Sarah D. Mann//July 16, 2012
//July 16, 2012
The meaning is that there is a two-way connection between a healthy mind and a healthy body. Reducing stress, anxiety and worry helps your body function better and a healthy diet and exercise help your mind function better.
In the last year or two, I’ve found myself really, really tired — the kind of tired where you could get 10 hours of sleep and beg for 10 more when the alarm clock chirps; the kind of tired where there just is not enough coffee in the world to get through the day; the kind of tired where people mistake you for being ill or hungover but, really, you’re just tired.
It all crept on so slowly that I didn’t notice at first that anything was amiss. I went from being a really active person — playing on sports teams and exercising daily — to barely exercising at all. I started gaining weight in a way I never had before and I couldn’t lose it. I felt like I had the flu, or was getting the flu, quite often.
I told myself I was under a lot of stress, or not sleeping well, or just getting older. I told myself that I’d go to the gym tomorrow and get back into a good routine.
But then it got to the point that the fatigue, the headaches, and the grogginess could not be explained anymore. I had to dig deep, really deep, just to get through my day. Energy for work was about all that I had and I felt sick all of the time. I knew something was off.
I started researching my symptoms on the web and met with my doctor. When major health issues were ruled out, I started looking into my diet. I made a decision to cut gluten out of my diet completely. The only carbohydrates that I eat come from fruits and vegetables.
Within two weeks of this dietary change, I had lost 12 lbs. I hadn’t even made it back to the gym yet. I didn’t calorie count or reduce my portions. I just ate real, unprocessed, organic food.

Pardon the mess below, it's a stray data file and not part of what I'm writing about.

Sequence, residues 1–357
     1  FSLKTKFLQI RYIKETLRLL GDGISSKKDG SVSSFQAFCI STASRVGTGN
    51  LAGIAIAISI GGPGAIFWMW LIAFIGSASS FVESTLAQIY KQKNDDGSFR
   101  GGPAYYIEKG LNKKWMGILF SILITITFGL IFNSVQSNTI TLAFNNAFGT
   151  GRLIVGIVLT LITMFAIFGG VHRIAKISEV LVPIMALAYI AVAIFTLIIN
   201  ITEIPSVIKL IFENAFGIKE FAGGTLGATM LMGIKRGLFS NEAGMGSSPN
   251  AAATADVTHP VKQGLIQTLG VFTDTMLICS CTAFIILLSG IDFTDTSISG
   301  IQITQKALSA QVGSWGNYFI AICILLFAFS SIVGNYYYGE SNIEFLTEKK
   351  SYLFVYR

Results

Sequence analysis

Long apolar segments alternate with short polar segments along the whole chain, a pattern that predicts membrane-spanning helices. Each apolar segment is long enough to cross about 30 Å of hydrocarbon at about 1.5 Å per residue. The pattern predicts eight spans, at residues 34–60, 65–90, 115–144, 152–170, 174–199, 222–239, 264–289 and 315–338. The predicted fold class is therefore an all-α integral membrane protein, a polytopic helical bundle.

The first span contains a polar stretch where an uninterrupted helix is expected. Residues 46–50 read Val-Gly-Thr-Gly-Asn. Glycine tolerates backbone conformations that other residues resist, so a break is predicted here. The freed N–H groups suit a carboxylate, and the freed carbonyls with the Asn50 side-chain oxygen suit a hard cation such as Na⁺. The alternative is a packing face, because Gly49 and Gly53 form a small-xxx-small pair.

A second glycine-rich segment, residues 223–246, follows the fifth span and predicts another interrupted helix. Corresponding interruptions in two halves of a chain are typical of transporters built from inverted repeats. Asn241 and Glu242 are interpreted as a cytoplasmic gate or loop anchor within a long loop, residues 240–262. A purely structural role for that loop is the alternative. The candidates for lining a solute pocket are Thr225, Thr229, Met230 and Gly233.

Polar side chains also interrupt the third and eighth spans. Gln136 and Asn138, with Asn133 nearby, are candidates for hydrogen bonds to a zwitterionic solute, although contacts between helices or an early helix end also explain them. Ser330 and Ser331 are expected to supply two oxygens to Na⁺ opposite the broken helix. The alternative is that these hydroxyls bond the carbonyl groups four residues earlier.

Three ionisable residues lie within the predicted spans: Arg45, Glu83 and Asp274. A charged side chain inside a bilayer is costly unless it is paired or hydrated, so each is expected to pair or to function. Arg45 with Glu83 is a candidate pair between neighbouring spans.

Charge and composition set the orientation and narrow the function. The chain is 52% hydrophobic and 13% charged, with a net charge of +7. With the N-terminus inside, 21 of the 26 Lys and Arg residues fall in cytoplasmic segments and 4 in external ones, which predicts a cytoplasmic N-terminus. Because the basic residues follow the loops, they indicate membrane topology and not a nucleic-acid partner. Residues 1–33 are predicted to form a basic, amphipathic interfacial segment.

Slowly but surely, I started sleeping better and had more energy. My mood improved. I began waking up earlier than necessary to do a load of laundry or tend to my garden. I can’t remember the last time that I didn’t wait until the very last minute to get up and get ready for work. I cut out caffeine entirely, which might explain the plummet in sales at the Starbucks in Towson.
This “gluten-free thing” has been an exploration and a journey. I never thought twice about having a bowl of cereal for breakfast or buying a loaf of bread from the grocery store. I had no idea what a huge part of my life that gluten was or what a poison it was for my body.
Now, I’m looking at my food choices as fuel for my body and for my brain. I can clearly see the connection between the foods I eat and my focus, attention to detail, efficiency, memory and overall good mood.
It’s not that I did my job poorly before making these changes, but I know that I am now able to do it better. I am that much better equipped to barrel through a busy phase, I don’t feel nearly as stressed out, and I am fairly certain that my coworkers might like this version of me a little bit better.
Best of all, I now have energy for my life outside of work. I’m not grasping for sweats and my couch as soon as I arrive home. Having the energy to do “fun stuff” makes me a more balanced, happier person, which in turn helps my body function better, which in turns helps my brain function better… you get the point.
In a career like this — with all of the pressure and long hours — having a healthy body and a healthy mind are critical. As difficult as it has been to “just say no” to some of my favorite foods (spaghetti, cold cut subs, etc.), feeling energized and like my old self again has been well worth it.g